All of these definitions, while not necessarily mutually exclusive, do not, in my mind, seem to be common threads tied to one particular social, intellectual or economic strata.
To my mind "tool" is simply a general condemnation with an interchangeable meaning. And it's precisely the vagary of this new, popular term that vexes me so.
But perhaps, to me at least, the most misused word I've heard in my tenure on this planet, the one that truly gets under my skin with the needlessly protean nature and needless variants.
Lets see what the actual dictionary has to say about this one.
1. a person, team, nation, etc., that loses: The visiting team was the loser in the series.
a. a person who has been convicted of a misdemeanor or, especially, a felony: a two-time loser.
b. a person who has failed at a particular activity: a loser at marriage.
c. someone or something that is marked by consistently or thoroughly bad quality, performance, etc.: Don't bother to see that film, it's a real loser.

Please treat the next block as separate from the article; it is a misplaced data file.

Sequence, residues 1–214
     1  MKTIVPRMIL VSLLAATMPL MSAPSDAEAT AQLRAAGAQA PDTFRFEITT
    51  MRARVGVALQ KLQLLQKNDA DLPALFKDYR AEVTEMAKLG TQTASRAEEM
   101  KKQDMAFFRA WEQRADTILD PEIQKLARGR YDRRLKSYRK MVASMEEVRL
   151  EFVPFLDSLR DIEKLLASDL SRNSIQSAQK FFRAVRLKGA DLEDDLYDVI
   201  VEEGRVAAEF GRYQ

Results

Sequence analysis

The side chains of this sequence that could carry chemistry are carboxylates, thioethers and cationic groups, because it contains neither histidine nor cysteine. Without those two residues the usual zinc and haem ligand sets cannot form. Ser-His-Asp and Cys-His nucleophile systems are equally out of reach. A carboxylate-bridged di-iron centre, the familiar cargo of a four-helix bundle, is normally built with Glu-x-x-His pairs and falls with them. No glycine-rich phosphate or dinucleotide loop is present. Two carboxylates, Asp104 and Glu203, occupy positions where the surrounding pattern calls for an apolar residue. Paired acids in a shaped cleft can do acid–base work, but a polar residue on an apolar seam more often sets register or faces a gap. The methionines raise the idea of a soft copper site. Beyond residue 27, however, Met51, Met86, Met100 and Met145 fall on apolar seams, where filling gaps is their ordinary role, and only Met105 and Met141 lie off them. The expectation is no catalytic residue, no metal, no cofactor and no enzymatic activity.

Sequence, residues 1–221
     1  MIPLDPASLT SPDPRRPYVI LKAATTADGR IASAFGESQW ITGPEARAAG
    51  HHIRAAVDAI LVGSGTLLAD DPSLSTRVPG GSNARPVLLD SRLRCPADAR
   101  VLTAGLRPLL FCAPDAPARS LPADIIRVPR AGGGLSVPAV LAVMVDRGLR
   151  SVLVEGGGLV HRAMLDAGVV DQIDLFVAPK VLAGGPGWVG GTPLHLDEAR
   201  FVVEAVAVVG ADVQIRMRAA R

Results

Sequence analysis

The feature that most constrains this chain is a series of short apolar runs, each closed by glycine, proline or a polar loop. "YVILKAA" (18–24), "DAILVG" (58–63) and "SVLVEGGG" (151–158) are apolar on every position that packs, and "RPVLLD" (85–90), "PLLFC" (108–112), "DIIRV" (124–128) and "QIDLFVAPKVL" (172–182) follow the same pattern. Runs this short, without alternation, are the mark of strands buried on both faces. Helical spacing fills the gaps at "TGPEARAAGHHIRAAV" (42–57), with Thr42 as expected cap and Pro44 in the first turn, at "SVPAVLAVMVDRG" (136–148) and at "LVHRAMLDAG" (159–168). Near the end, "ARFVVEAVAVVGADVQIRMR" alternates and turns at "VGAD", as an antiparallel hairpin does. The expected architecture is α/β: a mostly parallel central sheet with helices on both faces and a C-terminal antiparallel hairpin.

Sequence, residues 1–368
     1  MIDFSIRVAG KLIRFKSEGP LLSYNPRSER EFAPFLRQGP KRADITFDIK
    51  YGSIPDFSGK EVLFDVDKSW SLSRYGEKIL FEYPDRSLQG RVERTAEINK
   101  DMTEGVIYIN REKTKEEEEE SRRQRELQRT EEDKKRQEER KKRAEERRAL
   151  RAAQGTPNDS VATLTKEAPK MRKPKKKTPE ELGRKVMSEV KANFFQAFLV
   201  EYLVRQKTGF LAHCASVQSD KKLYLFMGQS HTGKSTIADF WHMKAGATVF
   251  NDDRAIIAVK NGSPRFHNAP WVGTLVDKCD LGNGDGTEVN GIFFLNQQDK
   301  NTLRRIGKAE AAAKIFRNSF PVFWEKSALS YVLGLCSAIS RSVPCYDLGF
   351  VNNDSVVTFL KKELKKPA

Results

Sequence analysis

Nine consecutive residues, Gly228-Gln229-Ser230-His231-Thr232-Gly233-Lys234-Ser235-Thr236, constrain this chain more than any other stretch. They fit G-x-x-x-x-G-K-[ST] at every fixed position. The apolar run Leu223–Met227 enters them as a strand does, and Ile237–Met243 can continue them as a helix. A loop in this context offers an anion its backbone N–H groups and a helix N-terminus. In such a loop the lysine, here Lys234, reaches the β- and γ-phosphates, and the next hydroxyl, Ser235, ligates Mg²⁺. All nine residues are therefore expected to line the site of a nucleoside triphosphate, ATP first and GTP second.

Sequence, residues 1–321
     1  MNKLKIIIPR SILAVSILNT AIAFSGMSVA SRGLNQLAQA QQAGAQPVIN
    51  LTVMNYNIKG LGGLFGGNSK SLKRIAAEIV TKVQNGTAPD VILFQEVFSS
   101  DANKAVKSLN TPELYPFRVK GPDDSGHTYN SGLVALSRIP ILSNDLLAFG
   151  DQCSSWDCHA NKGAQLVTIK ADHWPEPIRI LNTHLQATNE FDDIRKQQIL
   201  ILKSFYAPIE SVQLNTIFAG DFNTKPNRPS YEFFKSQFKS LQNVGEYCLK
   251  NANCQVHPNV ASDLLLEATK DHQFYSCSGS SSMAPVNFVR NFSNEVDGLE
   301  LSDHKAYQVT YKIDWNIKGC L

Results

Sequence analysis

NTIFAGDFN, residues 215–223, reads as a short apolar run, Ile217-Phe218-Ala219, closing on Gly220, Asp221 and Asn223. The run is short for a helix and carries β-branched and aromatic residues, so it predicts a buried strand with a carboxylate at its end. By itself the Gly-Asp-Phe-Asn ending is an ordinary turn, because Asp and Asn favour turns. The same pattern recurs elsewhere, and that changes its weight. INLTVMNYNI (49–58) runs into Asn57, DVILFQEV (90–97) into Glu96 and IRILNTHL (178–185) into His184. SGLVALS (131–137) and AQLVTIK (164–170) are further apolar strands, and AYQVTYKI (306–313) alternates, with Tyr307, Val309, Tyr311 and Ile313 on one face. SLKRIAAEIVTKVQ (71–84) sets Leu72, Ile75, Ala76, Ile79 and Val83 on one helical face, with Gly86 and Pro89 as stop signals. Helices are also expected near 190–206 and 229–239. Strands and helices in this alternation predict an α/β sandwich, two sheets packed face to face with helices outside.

3. Slang . a misfit, especially someone who has never or seldom been successful at a job, personal relationship, etc.
The more discerning among you will see that the misuse of this word has become so widespread that it's dictionary entry is contradictory.
At the beginning we have the actual, original definition of loser, which I believe is an unnecessary word to begin with, at least in it's negative connotation. And I shall explain why.
If we define a "loser" simply as someone with a long string of ill-fortune tied to their name, a great many surprising people fit the category.
Take this one, specific life history of a man who;
1831 - Lost his job
1832 - Defeated in run for Illinois State Legislature
1833 - Failed in business
1835 - Sweetheart died
1836 - Had nervous breakdown
1838 - Defeated in run for Illinois House Speaker
1843 - Defeated in run for nomination for U.S. Congress
1848 - Lost re-nomination after winning race for U.S. congress
1849 - Rejected for land officer position
1854 - Defeated in run for U.S. Senate
1856 - Defeated in run for nomination for Vice President
1858 - Again defeated in run for U.S. Senate
And then finally, in 1860 - Elected President.